Retail inflation breaches RBI’s tolerance level, but factory output up | business-news | Hindustan Times
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Retail inflation breaches RBI’s tolerance level, but factory output up

business Updated: Aug 13, 2016 15:50 IST
HT Corresponent
HT Corresponent
Hindustan Times
RBI

Indian labourers fill sacks with onions after sorting them at a wholesale vegetable and fruit market on the outskirts of Amritsar.(AFP)

India’s retail inflation rose to a two-year high of 6.07% in July, driven by soaring food prices and breaching the RBI’s tolerable threshold, while factory output grew at 2.1% in June, latest data released on Friday showed. A high inflation rate will likely weaken the chances of an interest rate cut in the RBI’s policy review in October.

The RBI and the government have set a new retail inflation target of 4% for the next five years with an upper tolerance level of 6% and lower limit of 2%.

This week, RBI governor Raghuram Rajan kept interest rates unchanged during his last monetary policy review.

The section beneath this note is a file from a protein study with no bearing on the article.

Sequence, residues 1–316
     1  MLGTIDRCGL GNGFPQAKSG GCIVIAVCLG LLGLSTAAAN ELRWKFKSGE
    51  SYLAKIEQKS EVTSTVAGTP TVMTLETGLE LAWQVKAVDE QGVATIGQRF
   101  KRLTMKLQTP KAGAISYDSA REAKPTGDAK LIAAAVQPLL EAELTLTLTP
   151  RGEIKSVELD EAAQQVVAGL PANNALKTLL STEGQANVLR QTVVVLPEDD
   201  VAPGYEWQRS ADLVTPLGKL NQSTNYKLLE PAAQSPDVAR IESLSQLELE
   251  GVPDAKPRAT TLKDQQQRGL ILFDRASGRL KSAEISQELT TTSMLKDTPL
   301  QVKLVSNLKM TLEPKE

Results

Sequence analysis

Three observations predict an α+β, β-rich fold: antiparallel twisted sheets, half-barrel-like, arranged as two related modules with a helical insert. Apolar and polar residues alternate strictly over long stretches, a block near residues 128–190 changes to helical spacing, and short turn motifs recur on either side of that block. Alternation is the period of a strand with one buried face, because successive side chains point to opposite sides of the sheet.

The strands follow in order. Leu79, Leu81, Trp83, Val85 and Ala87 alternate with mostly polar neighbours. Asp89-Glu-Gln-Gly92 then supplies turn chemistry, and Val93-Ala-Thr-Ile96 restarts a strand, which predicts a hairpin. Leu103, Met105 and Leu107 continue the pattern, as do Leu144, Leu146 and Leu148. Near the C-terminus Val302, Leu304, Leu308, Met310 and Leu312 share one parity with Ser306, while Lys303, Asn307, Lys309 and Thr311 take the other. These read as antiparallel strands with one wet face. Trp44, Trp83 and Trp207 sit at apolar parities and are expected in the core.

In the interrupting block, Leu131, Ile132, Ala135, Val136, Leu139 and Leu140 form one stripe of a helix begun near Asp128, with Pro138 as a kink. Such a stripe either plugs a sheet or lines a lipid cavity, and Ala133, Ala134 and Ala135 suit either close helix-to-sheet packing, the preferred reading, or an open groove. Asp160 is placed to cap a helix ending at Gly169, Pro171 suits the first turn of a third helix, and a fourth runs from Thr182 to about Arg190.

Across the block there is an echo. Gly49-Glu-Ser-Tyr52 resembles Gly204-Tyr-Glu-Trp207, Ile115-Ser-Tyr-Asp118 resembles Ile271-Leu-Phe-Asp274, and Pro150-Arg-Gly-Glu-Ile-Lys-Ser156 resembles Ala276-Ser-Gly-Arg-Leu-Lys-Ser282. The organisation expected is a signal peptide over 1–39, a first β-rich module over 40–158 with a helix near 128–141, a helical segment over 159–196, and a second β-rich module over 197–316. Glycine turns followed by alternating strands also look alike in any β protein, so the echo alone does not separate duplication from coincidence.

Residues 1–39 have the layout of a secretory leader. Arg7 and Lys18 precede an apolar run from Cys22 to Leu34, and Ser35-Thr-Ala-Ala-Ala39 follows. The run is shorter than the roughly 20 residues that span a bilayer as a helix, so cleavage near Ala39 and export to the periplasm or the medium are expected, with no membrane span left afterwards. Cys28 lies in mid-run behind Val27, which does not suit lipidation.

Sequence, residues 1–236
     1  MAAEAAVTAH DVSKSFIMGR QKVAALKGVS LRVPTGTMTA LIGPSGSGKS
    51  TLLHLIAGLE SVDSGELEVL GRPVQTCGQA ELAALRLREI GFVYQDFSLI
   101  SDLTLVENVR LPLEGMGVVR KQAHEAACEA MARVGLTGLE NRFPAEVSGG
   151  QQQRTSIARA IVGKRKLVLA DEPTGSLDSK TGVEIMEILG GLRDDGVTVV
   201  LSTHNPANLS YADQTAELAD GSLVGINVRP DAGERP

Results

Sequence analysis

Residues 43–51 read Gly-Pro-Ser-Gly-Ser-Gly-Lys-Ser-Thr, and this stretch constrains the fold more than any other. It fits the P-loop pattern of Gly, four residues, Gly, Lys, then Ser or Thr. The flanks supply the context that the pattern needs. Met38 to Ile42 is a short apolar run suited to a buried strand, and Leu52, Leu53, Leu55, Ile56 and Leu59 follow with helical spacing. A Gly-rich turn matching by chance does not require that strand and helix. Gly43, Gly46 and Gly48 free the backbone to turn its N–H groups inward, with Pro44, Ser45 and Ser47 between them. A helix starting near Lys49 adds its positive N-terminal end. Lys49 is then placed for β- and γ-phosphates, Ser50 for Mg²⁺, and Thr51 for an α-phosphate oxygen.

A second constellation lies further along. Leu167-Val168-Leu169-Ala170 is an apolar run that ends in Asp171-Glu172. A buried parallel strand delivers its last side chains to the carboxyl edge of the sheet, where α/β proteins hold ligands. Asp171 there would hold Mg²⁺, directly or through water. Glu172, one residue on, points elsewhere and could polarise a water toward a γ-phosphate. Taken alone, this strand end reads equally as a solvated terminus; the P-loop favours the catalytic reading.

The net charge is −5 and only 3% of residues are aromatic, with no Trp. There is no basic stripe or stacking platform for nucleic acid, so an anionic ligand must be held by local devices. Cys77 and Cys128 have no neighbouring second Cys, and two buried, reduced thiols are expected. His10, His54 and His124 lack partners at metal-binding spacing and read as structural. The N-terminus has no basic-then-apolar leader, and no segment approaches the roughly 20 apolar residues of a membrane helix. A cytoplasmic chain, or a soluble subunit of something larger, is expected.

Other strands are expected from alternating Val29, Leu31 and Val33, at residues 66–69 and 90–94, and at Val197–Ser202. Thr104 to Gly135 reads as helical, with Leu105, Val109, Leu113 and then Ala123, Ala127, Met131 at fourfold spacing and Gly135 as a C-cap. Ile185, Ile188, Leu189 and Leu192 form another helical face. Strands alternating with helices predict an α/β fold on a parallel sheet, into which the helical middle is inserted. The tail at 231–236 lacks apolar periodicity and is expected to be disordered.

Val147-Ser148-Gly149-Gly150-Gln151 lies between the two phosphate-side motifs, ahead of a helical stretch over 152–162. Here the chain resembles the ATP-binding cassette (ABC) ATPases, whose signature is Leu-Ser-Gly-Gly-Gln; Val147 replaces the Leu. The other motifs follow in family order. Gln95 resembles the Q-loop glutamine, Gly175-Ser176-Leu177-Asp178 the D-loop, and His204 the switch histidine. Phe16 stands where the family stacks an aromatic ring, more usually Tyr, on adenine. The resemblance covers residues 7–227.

Retail inflation was 5.77% in June and 3.69% in July last year.

Consumer food price inflation, a metric to measure changes in household kitchen budgets, grew 8.35% in July, from 7.79% in June. Pulses, a common source of protein for Indians, grew 27.75% in July, compared to 26.86% in June.

“We expect retail inflation to average at 5% in 2016-17, assuming a normal monsoon and proactive food supply,” Crisil said in a report. “A normal monsoon will soften food inflation.”

Factory output, measured by the index of industrial production (IIP), grew at 2.1% June, from 1.1% in the previous month. The manufacturing sector, which accounts for two-thirds of the IIP, grew at 0.9% during the month. Capital goods output, which serves as a gauge for additional investment activity, contracted (-)16.5% in June, from a decline of (-)12.3% in May, mirroring muted capacity additions.

India’s merchandise exports contracted 6.84% in July due to a decline in shipments of engineering goods and petroleum products. The value of overseas shipments had risen for the first time in June, after falling for 18 consecutive months.